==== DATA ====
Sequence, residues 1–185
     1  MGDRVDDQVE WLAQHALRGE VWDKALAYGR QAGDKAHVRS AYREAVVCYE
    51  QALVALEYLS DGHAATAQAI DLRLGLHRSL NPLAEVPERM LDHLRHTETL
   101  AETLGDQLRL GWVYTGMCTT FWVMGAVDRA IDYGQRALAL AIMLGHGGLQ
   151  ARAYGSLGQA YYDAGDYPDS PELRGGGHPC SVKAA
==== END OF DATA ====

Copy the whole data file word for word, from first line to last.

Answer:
Sequence, residues 1–185
     1  MGDRVDDQVE WLAQHALRGE VWDKALAYGR QAGDKAHVRS AYREAVVCYE
    51  QALVALEYLS DGHAATAQAI DLRLGLHRSL NPLAEVPERM LDHLRHTETL
   101  AETLGDQLRL GWVYTGMCTT FWVMGAVDRA IDYGQRALAL AIMLGHGGLQ
   151  ARAYGSLGQA YYDAGDYPDS PELRGGGHPC SVKAA